Double Diapason (metal) 16 Piccolo 2 Open Diapason, No.
"The Recent Revolution in Organ Building" by George Laing Miller
Isolated fundamental tones are apt to be colourless and monotonous, like the diapason work on an organ.
"Spirit and Music" by H. Ernest Hunt
Not all the tones of great material nature's diapason could find this tortured spirit voice enough.
"An Old Meerschaum" by David Christie Murray
Great Open Diapason 8 ft. 3.
"Bell's Cathedrals: The Abbey Church of Tewkesbury" by H. J. L. J. Massé
The sound was deep, full-toned, a mighty diapason.
"Blow The Man Down" by Holman Day
During the night the rainstorm grew to a gale which rocked our night's home like a ship at sea to the music of heaven's grand diapasons.
"Lippincott's Magazine, Vol. 26, August, 1880" by Various
I did not think a woman's life could be tuned to so high a diapason.
"The Lady of Loyalty House" by Justin Huntly McCarthy
He had long since been aware of its resonant diapason, betokening a heavy sea; but the spectacle of it was one ever beautiful in his sight.
"The Destroying Angel" by Louis Joseph Vance
The diapason of hatred is pitched higher.
"Marie Antoinette and the Downfall of Royalty" by Imbert de Saint-Amand
Ballard and Bigelow rode ahead; and when the thunderous diapason of the river permitted, they talked.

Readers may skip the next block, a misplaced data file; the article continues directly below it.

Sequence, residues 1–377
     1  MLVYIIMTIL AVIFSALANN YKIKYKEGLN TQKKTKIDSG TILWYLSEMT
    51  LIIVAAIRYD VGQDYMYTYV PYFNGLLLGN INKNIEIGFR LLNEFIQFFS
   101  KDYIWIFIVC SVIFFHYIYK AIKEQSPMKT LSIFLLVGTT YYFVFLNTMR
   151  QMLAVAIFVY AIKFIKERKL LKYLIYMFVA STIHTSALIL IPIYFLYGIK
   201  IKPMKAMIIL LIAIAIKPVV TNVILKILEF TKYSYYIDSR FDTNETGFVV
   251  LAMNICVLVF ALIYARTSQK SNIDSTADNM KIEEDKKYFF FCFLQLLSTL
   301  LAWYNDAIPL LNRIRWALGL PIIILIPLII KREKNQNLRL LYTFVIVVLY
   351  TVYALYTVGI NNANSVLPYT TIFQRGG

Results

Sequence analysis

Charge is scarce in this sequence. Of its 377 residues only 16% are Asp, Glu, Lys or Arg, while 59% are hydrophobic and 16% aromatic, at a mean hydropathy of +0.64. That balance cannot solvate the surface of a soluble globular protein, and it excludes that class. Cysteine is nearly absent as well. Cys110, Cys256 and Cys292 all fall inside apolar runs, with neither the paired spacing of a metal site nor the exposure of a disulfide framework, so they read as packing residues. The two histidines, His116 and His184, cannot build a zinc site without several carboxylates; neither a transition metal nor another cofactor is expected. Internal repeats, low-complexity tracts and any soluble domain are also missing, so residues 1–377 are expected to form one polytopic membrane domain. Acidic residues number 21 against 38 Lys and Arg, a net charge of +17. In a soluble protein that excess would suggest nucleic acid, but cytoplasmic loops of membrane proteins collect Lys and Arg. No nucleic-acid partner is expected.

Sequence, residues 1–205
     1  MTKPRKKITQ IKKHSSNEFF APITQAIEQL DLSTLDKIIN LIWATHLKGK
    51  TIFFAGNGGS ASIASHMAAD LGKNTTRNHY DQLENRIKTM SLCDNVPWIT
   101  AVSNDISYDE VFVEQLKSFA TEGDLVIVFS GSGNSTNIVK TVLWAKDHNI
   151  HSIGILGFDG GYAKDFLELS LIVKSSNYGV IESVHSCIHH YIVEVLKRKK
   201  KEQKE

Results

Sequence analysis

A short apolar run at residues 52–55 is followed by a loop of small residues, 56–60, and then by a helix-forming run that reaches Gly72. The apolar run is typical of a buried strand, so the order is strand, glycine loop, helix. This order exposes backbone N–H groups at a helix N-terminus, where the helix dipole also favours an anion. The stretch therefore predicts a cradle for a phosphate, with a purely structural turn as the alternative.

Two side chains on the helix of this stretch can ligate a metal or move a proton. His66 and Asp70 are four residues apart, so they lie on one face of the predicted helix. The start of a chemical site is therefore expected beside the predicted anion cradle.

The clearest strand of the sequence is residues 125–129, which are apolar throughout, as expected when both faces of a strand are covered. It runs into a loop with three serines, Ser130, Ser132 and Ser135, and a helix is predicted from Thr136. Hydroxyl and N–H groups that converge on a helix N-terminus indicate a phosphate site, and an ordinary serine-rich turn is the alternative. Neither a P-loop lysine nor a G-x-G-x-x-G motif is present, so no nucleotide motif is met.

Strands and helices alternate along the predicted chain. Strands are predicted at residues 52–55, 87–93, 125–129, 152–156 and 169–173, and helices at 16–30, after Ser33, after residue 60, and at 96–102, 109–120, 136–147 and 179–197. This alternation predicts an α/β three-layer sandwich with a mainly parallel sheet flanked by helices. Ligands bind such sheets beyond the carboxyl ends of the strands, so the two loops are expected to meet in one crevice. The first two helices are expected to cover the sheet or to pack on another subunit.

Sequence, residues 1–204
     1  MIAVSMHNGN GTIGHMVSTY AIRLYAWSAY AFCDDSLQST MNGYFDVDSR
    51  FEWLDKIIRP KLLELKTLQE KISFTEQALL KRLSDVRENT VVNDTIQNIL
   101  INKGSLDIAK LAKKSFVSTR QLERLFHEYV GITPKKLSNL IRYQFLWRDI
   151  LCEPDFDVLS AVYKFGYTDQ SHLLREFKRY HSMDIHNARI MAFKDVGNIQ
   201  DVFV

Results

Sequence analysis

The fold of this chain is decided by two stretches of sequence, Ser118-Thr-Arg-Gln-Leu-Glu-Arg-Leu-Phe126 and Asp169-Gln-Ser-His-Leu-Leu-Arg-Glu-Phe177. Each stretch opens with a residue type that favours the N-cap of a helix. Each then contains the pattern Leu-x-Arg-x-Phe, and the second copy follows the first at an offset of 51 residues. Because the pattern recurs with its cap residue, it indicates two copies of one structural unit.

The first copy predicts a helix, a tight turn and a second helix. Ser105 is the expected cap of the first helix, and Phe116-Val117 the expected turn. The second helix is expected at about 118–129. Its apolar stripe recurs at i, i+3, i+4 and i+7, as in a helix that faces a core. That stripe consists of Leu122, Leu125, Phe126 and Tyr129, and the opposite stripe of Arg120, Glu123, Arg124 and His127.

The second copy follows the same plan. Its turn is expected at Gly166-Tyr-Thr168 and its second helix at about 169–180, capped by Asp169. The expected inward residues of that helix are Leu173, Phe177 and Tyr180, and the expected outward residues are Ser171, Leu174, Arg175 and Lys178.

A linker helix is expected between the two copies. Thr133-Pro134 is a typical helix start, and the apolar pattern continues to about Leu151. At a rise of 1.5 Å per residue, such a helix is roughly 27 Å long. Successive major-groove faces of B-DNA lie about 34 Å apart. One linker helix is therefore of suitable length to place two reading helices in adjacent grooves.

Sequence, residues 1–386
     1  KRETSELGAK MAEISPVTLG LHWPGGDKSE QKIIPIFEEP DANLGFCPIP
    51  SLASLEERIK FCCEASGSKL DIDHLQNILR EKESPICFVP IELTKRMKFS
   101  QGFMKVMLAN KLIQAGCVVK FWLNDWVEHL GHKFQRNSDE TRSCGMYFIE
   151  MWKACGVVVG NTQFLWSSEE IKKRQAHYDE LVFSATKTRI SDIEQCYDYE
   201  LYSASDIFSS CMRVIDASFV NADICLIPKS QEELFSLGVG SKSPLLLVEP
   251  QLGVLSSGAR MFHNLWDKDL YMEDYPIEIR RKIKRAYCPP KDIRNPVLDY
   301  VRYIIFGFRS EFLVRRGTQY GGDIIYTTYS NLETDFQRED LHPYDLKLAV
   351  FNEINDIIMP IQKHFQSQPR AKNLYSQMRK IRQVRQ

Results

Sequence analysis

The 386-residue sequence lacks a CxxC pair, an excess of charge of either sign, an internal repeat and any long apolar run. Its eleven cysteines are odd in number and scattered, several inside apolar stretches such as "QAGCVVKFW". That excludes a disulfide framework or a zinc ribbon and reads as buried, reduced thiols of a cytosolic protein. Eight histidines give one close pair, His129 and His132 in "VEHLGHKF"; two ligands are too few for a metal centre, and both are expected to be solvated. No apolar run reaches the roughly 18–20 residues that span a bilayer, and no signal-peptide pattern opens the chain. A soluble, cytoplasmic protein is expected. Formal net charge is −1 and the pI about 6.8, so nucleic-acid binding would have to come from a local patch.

"The King of Arcadia" by Francis Lynde

In poetry:

Colour had music's life to you.
The very grasses sang,
To you the cosmic organ peal
In diapason rang.
"Immortal Eve - IV" by Manmohan Ghose
Rose the organ's diapason,
Deep, majestical and wild,
And the singers sang a chorus
To the praise of Mary's child.
"Caleb's Vision" by Alfred Gibbs Campbell
He sees eternity with rapture thrilled;
He sees in one prolonged diapason
The organ of the universe, vehement, roll
For ever songs of praise to Him, the Sower.
"The Legend Of The Earth" by Sarah Anne Curzon
No hand, they diapason o'er,
Well skill'd I throw with sweep sublime;
For me, no academic lore
Has taught the solemn strain to pour,
Or build the polish'd rhyme.
"To My Lyre" by Henry Kirke White
Take this Sea, whose diapason knells
On scrolls of silver snowy sentences,
The sceptred terror of whose sessions rends
As her demeanors motion well or ill,
All but the pieties of lovers' hands.
"Voyages II" by Harold Hart Crane

In news:

(See the "Nunc Dimittis" in the June issue of The Diapason, page 10.
Part 1 was published in the October issue of The Diapason, pp 22–25, and Part 2 in the November issue, pp 26–29.

In science:

This effect is absent in the theory with dense packing of modes in all diapason of momenta since all states in momentum space are filled by the corresponding modes.
The Dynamic Quantization of Gravity and the Cosmological Constant Problem
At the same time the diapason in conference productivity is large in the beginning, and this is the reason why the curve goes up and down rather than increasing steadily.
Analysis of Computer Science Communities Based on DBLP
According to the results obtained by other authors lay in diapason from 4eV up to 24eV. It is supposed, that in this formula the impulses correspond neutrinos of the same sort.
Concerning the limit for neutrino mass